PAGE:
The autofocusing system incorporates a high sensitivity CCD line sensor coupled with an AF illuminator pre-flash system for accurate focusing in low-light, low-contrast situations that can confuse some systems. It includes a continuous, predictive focus control to facilitate quick accurate focusing of subjects moving toward, away, or parallel to the camera.
A built-in flash instantly pops up from the prism whenever extra light is required for proper exposure. Additionally, there are several other flash modes to choose from, including autoflash with redeye reduction, fill flash, fill flash with redeye reduction, and flash cancel. Surprisingly for an entry-level camera, this tiny built-in flash even includes the capability to serve as the trigger to operate wireless remote extension flash units for advanced creative multiple flash lighting. The unique Minolta split-rail hot shoe is on top of the prism for use when a separate, more powerful output, auxiliary flash is needed.
As with any built-in flash that pops up mere inches above the camera lens, there is the distinct possibility of lens shadowing which can occur when the lens hood blocks part of the light output. The shadowing appears as a semicircular shaded area at the bottom (horizontal) or side (vertical) of the picture. Therefore it is recommended that the lens hood be removed when using shorter focal lengths with zoom lenses.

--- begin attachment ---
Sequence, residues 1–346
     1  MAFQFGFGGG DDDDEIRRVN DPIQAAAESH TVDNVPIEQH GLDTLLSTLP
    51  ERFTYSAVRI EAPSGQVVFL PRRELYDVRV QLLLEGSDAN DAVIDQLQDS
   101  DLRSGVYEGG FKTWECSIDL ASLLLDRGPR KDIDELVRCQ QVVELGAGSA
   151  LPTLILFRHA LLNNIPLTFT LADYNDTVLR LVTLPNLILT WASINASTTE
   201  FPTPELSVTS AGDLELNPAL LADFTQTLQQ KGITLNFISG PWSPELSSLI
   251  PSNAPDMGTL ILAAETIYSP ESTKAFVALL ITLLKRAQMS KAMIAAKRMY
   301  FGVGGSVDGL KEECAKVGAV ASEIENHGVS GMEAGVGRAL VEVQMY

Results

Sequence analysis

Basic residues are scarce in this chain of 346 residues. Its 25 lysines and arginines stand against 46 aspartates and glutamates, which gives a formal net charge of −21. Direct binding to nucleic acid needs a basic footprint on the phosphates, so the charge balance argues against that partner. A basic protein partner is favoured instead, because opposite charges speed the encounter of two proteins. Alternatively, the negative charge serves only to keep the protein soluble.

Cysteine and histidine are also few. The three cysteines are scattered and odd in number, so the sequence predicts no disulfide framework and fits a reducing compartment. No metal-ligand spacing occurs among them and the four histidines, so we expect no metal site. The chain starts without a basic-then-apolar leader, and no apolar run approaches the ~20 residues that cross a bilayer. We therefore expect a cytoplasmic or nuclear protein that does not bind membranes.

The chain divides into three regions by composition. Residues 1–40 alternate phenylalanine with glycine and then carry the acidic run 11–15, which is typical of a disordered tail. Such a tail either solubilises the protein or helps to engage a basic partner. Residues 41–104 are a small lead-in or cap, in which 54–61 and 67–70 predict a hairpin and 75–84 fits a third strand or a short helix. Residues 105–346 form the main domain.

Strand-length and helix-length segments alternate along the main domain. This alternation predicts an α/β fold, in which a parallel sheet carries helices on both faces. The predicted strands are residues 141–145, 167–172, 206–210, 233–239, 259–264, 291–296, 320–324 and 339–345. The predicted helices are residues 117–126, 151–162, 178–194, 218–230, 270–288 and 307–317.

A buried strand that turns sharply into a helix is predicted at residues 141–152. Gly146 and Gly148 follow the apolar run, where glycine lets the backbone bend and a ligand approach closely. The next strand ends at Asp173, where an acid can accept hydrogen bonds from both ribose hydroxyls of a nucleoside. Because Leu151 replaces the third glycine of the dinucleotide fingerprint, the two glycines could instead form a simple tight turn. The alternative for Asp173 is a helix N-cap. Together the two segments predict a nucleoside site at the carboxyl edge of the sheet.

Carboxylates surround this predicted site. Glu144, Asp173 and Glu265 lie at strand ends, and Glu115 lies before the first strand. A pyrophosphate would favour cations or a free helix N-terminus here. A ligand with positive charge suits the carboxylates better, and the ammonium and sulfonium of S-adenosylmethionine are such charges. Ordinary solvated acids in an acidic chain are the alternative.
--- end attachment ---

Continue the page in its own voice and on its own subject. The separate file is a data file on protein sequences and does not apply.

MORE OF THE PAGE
Legible and readily accessible operating controls are primarily clustered along the top of the body. A main on/off switch is on the back just behind the LCD. In front of the LCD is a large Mode button, which sequentially advances a pointer through the five subject program modes then back to "P" Program automatic. At the far left are two small buttons, one for choosing self-timer or continuous exposure, the other for sequencing through the various flash modes. On the front, to the left of the lens, is the lens release button and another for switching between AF and manual focus. The control layout is as simple and accessible as I have seen on any camera today.
Practical Test Results. For our testing we had the Minolta Max-xum QTsi body with a Minolta AF Zoom 35-80mm f/4-5.6 II Silver lens with continuous macro capability down to 1.3' (15") at any focal length. Introduced with this new camera were stylish new variations of existing telephoto zoom lenses that combine high quality optics, a broad zoom ratio, and continuous macro capabilities. Each lens is clad in a silver finish to match the exterior of existing silver-finished Maxxum SLR bodies. They are the Minolta AF Zoom 70-210mm f/4.5-5.6 II Silver with a 3x zoom that focuses from infinity to 3.6' and AF Zoom 75-300mm f/4.5-5.6 II Silver with a 4x zoom that focuses down to 4.9'. The latter two lenses were not tested.